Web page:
10 Kyle November 5, 2010 at 10:49 am

Great article!

I’m more of a firearm guy. But I’ve been thinking about getting into archery too. I think this post is about to get me going on it!


11 Eric Francis November 5, 2010 at 11:11 am

I really was glad to see traditional archery appear at The Art of Manliness. Though I haven’t shot in several years (something I need to rectify), I used to do a fair amount of target archery with traditional bows. I’ve also made my own arrows, which can itself become an enjoyable (and obsessive) pastime.

To anyone interested in exploring the many facets of traditional archery, I would highly recommend the four volumes of The Traditional Bowyer’s Bible from Bois D’arc Press. They cover ever imaginable angle, from making bows with stone-age tools to analyzing the force-draw curve of your bow to meticulous examination of the archery tradition of foreign and Native American cultures.

Happy shooting, everyone!

12 Joe Sul. November 5, 2010 at 12:55 pm

I hate to be picky but…….

That’s supposed to be “The Song of The Bossonian Archers”., not the “bosnian archers”. It’s from a Conan short story by Robert E. Howard called “Beyond The Black River”, set in an area called the Bossonian Marches.

13 Dennis L. Glavin November 5, 2010 at 3:47 pm

Great Article! I took up Traditional Archery hunting in 2000 and, although I have not been terribly successful, enjoy it very much.

It is a radical change and huge challenge to go from shooting a deer with a scoped rifle from 200 yards to a 15-20 yard shot. Heck, it’s even a whole different sport from shooting a compound bow with 80% letoff with a release aid and pin sights.

14 Ivan Merl November 5, 2010 at 5:55 pm

I have been shooting an English “style” longbow recently and I cant hit anything. I love it! Great article and I was glad to see it today.

15 Al Harron November 5, 2010 at 8:18 pm

The poem is “The Song of the Bossonian Archers” from Robert E. Howard’s “The Scarlet Citadel”:

A long bow and a strong bow, and let the sky grow dark!
The cord to the nock, the shaft to the ear, and the king of Koth for a mark!

A great quote, nonetheless.

16 Joe Sul. November 6, 2010 at 11:02 am


I stand corrected! Thank you!

17 Sean Glass November 6, 2010 at 3:57 pm

TIMELY! I was just in the woods the other day hunting for a good piece of wood to make a handmade bow from and have a great interest in the subject. Thanks!! Great article.

18 Paul November 6, 2010 at 4:32 pm

It’s funny, a friend and I were just talking about wanting to get into archery a few days ago then *poof* this article appears. Great resources, thanks for the links.

19 Joe Smith November 7, 2010 at 9:50 am

http://www.stickandstring.com is a new trad forum and they have a podcast too

20 Timothy November 7, 2010 at 2:21 pm

Hawkeye? Somebody’s a comic book lover!

21 Kyle November 7, 2010 at 5:08 pm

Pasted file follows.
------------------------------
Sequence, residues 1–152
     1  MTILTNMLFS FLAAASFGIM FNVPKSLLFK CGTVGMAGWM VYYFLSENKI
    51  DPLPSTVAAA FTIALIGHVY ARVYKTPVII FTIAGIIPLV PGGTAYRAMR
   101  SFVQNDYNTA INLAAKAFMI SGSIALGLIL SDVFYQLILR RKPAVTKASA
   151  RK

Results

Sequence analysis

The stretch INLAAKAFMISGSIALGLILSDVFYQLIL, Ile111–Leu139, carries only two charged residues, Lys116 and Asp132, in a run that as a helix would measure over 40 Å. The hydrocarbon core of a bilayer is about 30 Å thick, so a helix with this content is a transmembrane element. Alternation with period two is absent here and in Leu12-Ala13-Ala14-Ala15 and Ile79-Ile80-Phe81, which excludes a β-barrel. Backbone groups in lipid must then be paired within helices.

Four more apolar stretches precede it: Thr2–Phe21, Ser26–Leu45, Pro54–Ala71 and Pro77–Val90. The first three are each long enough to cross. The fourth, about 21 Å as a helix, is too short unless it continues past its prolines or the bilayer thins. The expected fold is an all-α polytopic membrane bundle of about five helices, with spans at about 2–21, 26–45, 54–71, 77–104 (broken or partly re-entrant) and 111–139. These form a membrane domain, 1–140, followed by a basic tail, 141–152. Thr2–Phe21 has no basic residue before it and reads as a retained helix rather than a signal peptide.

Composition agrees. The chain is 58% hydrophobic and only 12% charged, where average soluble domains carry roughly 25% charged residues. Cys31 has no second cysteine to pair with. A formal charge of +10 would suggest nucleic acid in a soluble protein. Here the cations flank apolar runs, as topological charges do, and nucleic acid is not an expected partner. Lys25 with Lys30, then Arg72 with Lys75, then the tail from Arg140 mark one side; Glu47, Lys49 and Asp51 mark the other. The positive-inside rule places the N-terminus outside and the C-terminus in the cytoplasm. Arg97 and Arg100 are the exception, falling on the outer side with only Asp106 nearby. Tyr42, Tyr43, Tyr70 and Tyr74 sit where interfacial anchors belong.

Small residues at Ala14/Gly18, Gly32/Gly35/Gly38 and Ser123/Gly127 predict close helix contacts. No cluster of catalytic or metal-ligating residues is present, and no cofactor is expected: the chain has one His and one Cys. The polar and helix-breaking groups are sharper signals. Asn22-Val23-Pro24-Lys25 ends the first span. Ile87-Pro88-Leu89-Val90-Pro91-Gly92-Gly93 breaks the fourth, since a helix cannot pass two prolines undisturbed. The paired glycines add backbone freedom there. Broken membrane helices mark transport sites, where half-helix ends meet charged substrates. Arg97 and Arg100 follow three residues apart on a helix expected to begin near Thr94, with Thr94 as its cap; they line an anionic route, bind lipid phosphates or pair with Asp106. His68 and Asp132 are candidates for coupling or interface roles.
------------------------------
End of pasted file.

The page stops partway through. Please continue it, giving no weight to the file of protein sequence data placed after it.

No mention of Fred Bear?? All the less, a great article. Perhaps an article on traditional bow making sometime?

22 Josh Parchman November 7, 2010 at 10:07 pm

Kyle, What could I say about Fred Bear in this article that would have done him justice? Instead, I just used my Bear recurve for photos. “I Remember Papa Bear” is a great book if you want to learn more about the man and the way he did things.

23 jesse November 7, 2010 at 10:08 pm

I have been shooting trad archery for a couple years now.. This was my first hunting season. I went for elk in Colorado. Truly an old school past time. Love to see this popping up in a spot like this. The links are great. Thanks.

24 Guy November 9, 2010 at 10:13 pm

Nice article. Howard Hill was the real long bow shooter, I’ve been shooting a longbow for over 20 years and make my own arrows. Ron LaClair made me my first dozen way back at the beginning.

25 Drew November 9, 2010 at 10:55 pm

I have been into archery for years. I find it a great sport and helps me focus.

@Timothy, Im a comic bookfan, I have been reading hawkeye latesly. its great but I also love Green Arrow.

For anyone interested in Archery and want to see some impressive things I would recommend checking out HOWARD HILL. He is a fantastic archery who worked on several films included Robin Hood (starring Errol Flynn) and They died with their boots on (also starring Errol Flynn) he has made several appearences in Green Arrow Comic Series. and he was so popular that when he was shooting at a Worlds Fair he was mobbed adn robbed of his bow, arrows, quicer and shirt right off his back.

Archery is a fantastic sport and I recommend it for everyone.

26 Todd Helmkamp November 13, 2010 at 2:07 pm

I’m fortunate enough to live right around the corner from Three Rivers Archery. Fantastic people, they’re always willing to help.

I also recommend Primitive Archery magazine. Excellent resource.

27 Jennie p November 14, 2012 at 10:41 am

for all things traditional:


enjoy :)

28 Kevin Forrester February 5, 2013 at 5:54 pm

Wow LOVE your site!

29 Joe Blogs March 13, 2013 at 9:45 pm

Nice article, but the recurve bow and arrows you show, although very fine, are clearly manufactured using industrial processes and modern materials. Things get more challenging when dealing with the inconsistencies of wood, cane, feathers, glue and sinew.

30 Rich March 15, 2013 at 8:50 am

I just got my wife a recurve bow for her birthday. She got a Sky Breeze which is actually a youth model but she is a tiny thing so it’ll work for her to start out with. Looks like it’ll be a lot of fun, I may have to get my own soon!

31 Micheline Mynatt December 8, 2013 at 1:46 am

It seems to be like good post, on the other hand it just an individual side on the medal. Good reading anyway, I generally appreciated fantastic brain teaser and solid amount of awesome information.

32 Tawnya N. T March 26, 2014 at 9:39 am

This was very helpful for my speech in English, thanks!